You might be wondering why we got behind if I had this nice schedule to follow. Well, it’s because of this little known phenomenon called, “rabbit trails.” We could be studying about Mexico, the text would mention the migration of the Monarch butterfly, and off Ben would go into the land of butterflies. You see, it was not enough to learn about Monarchs, he needed to know more. He wanted to know about other types of butterflies, and “can we grow butterflies, Mom,” and “don’t they have butterflies at the zoo we could go see?” and…. well, I think you get the picture. Our detour into the world of butterflies might take us off course a few days. That wouldn’t be so bad if that was the only time it happened, but it wasn’t. I found myself either veering off course continually, or saying something silly like, “I’m sorry honey, we can’t learn more about butterflies, we have to start learning about China now…how about pandas, wouldn’t you love to learn about pandas?!?!” Trust me, we spent more time on the rabbit trails, then we did on the scheduled curriculum.
So after a few years of being frustrated by rabbit trails, I wondered what it would be like to just take Ben’s interests and go with it…..homeschool by the “rabbit trail” method, if you will. And that’s what we’ve done for the most part. Sometimes we still take detours. For example, in the middle of learning about Space, Ben wanted to dive into the Olympics, and then maple syrup, and then the US Census. But guess what? This week, he’s back to space. And then there was week one, day one of the Horses unit that took us a week, because it mentions Egypt. Ben just had to spend some extra time in Ancient Egypt that week. We just got right back on track the next week, never feeling like we were behind, since there was no schedule to dictate when the next subject had to be started anyway.
The miracle of all of this is twofold: first of all, Ben is learning so much. I mean it’s really sticking with him because his interest is there. And second, he rarely complains about doing school. Plus, now that I have finally made the switch to Teaching Textbooks, he doesn’t even complain about math. I am finally one of those homeschool moms with the diligent child, who rarely complains or bucks the system! Yay me!!
Now I know you’re all wondering how to work Star Wars and Legos into your homeschool day. I understand. I have a Star Wars and Lego fanatic here as well. But I do guide him a bit, or we would spend all of our time on topics that would be a stretch to seriously count as school. But that’s the nature of my child. Yours might be different. I will tell you though that Legos are a phenomenal math manipulative! Even so, we mostly leave Legos and Star Wars to playtime. But some day, some mom will write a unit study on Star Wars and I’ll be first in line to buy it! Amanda, are you listening? Ha!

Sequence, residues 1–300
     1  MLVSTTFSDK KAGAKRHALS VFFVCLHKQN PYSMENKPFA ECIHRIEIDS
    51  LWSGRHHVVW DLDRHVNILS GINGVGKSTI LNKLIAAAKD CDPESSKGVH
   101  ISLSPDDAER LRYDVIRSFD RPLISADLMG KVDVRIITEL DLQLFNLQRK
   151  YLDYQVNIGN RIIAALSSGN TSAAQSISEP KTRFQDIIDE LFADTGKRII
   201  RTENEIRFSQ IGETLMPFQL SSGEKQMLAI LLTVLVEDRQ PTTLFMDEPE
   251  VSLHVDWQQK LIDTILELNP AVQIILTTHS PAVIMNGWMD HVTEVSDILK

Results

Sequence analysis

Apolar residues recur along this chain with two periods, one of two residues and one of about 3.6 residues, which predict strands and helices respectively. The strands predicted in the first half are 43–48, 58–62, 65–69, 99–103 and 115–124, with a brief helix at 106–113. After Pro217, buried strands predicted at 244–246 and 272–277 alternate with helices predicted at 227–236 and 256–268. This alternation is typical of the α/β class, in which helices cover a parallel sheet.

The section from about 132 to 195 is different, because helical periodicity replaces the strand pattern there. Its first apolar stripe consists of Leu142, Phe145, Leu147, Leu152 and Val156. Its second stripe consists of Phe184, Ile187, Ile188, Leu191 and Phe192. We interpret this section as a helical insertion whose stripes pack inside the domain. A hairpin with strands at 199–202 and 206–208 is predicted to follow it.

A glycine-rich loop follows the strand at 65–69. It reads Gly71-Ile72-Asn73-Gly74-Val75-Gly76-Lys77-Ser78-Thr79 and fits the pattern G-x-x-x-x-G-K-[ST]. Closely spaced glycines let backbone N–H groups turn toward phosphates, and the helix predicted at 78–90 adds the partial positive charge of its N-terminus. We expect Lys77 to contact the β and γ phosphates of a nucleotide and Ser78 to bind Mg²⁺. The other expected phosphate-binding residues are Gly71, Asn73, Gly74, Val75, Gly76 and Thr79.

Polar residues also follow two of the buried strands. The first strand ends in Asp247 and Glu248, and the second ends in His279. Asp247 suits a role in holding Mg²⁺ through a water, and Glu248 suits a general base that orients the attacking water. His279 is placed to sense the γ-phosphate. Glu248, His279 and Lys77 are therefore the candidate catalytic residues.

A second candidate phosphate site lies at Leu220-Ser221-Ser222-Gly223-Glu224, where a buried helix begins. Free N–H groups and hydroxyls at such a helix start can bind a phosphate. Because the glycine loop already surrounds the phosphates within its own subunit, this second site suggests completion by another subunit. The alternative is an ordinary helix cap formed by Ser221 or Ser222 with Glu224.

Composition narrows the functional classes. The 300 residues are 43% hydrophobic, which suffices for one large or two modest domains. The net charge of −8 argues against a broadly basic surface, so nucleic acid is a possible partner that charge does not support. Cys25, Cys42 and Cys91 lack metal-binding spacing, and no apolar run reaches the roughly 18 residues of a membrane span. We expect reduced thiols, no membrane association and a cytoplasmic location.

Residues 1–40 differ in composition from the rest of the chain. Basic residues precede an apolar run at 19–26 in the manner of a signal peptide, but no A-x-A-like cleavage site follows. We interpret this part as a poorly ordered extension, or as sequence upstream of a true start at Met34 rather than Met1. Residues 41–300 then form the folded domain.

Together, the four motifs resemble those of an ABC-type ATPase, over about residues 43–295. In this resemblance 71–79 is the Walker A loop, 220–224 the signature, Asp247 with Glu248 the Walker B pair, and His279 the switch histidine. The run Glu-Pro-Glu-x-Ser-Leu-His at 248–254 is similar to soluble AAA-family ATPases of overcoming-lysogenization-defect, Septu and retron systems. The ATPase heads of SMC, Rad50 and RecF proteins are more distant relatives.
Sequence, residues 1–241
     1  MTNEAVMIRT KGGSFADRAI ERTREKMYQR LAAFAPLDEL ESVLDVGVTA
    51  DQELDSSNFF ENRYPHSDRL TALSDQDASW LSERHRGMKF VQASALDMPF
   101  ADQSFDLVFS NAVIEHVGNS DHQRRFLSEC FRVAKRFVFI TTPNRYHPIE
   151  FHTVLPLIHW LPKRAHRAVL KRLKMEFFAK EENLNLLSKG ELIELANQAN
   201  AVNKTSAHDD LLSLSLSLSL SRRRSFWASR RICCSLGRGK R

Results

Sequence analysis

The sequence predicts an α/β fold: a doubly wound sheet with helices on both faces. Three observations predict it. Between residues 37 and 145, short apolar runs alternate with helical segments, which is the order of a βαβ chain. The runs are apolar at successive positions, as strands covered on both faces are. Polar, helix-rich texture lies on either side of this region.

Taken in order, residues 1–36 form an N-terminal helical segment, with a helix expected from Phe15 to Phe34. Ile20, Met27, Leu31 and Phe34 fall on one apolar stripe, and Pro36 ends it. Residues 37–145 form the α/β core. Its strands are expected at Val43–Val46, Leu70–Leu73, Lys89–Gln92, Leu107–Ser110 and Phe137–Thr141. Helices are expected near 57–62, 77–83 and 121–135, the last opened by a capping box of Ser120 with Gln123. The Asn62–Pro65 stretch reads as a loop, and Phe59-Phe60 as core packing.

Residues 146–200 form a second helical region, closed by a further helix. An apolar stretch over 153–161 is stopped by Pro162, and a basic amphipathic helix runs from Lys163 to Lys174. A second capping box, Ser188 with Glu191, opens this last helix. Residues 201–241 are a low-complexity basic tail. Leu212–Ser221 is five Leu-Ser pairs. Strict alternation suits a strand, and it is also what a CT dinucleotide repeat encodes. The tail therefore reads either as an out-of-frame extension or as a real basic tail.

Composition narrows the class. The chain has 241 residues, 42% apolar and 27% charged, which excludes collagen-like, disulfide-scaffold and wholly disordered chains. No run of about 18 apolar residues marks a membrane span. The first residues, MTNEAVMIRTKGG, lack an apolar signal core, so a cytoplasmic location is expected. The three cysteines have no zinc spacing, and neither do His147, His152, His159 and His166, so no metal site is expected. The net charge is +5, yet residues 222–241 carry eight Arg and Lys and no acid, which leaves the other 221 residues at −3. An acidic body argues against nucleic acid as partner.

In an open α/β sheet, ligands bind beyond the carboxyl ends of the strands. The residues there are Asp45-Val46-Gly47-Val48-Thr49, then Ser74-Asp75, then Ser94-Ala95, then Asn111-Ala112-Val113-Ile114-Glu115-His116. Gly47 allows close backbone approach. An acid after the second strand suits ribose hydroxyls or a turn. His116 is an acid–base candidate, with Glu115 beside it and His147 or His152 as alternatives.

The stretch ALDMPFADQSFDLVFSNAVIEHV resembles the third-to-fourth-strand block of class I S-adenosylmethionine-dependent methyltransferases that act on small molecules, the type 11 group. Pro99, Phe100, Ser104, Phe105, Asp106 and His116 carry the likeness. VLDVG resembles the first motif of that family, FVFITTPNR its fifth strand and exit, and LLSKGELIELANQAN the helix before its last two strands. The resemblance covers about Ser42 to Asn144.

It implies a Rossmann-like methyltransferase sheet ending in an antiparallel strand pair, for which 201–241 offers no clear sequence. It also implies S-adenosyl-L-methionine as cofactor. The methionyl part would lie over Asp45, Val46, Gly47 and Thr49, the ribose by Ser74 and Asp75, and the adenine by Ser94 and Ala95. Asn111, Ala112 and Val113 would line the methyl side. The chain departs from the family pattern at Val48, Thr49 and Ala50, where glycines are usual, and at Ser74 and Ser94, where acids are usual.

I’m sure you’re wondering how to choose what units to do, mostly because you’re worried about “holes.” Well, what I usually do is ask Ben every couple of months or so what he’d like to learn about next. And if he’s struggling coming up with something (this is rare), I simply show him the list of unit studies Amanda has written, or come up with some topics that I really think he would enjoy, and that will spark interest. Amanda has written lots of units about subjects boys love, so she has made things very easy for me. And her new Download-n-Go series has been a huge hit as well. If he has an interest she hasn’t written about (maple syrup, for example), then I either find a unit study someone else has written, or put a unit together myself. Homeschool Share has hundreds of literature-based unit studies, with lapbooks to choose from. You can find a unit on most anything your children will come up with there. So find a unit and get started….it’s that easy! And as far as holes go, I simply don’t worry about that. Unit studies are so rich in social studies and science that I feel confident Ben is learning most anything he needs to know and so much more.
Oh, and one more thing…..don’t be afraid to move on, even if you haven’t finished your topic. For my 3rd-grader, 2 weeks or so is usually his limit. Space is the perfect example for us. It’s a 4-week unit, but after about 2 1/2 weeks, Ben wanted a break to learn about some other things. But he came back to it and now we’re finishing up that space unit study. This has happened more than once this year.
If I can do it, you can do it. You still may be skeptical, but I beg of you to give it a try and see what happens. And please, come back to tell me about it. I want to hear your stories, too.